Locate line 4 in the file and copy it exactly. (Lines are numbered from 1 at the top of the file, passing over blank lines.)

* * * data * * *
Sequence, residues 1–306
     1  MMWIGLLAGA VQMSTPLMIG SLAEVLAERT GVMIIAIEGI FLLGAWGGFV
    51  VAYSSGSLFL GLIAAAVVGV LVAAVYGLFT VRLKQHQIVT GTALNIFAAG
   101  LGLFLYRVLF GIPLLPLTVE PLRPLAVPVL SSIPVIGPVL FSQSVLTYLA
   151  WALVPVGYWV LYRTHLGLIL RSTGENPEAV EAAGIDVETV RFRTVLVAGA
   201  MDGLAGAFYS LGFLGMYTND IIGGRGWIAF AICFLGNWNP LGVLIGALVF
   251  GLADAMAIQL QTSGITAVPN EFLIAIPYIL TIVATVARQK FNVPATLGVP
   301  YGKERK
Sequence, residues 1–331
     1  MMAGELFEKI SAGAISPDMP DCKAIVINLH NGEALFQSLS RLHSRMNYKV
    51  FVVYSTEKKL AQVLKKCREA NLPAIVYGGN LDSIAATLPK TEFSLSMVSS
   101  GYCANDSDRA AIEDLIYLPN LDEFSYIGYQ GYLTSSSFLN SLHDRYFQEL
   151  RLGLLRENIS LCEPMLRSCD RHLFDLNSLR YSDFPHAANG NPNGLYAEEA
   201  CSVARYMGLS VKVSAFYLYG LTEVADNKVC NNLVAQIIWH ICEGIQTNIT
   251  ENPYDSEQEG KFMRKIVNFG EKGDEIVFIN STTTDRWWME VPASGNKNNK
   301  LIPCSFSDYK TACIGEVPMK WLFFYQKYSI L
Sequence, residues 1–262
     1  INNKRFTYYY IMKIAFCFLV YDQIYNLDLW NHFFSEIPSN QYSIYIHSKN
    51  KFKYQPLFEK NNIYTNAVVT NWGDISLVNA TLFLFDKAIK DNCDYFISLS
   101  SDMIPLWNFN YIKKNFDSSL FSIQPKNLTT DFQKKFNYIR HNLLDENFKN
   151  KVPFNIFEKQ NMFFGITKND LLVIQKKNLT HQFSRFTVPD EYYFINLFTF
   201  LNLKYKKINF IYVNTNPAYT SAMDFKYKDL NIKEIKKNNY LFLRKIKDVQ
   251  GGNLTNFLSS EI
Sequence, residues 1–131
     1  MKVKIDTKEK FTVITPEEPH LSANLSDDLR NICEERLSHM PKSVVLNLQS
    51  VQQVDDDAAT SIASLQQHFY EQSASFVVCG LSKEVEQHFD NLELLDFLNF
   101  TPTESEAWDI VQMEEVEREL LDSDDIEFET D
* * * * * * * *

   101  LGLFLYRVLF GIPLLPLTVE PLRPLAVPVL SSIPVIGPVL FSQSVLTYLA